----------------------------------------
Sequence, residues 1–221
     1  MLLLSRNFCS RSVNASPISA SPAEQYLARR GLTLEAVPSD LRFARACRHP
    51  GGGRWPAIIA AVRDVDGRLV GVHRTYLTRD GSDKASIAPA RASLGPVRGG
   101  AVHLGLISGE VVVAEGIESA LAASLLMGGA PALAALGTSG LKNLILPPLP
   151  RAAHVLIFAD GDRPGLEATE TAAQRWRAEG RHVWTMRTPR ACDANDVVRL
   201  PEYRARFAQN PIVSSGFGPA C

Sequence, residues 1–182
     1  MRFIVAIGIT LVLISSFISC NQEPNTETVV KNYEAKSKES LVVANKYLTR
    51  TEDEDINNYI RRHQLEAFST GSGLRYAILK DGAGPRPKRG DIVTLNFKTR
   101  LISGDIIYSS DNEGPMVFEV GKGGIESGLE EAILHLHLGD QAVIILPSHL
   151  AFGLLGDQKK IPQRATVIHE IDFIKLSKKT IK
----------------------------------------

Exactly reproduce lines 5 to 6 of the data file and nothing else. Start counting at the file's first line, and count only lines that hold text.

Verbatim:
   151  RAAHVLIFAD GDRPGLEATE TAAQRWRAEG RHVWTMRTPR ACDANDVVRL
   201  PEYRARFAQN PIVSSGFGPA C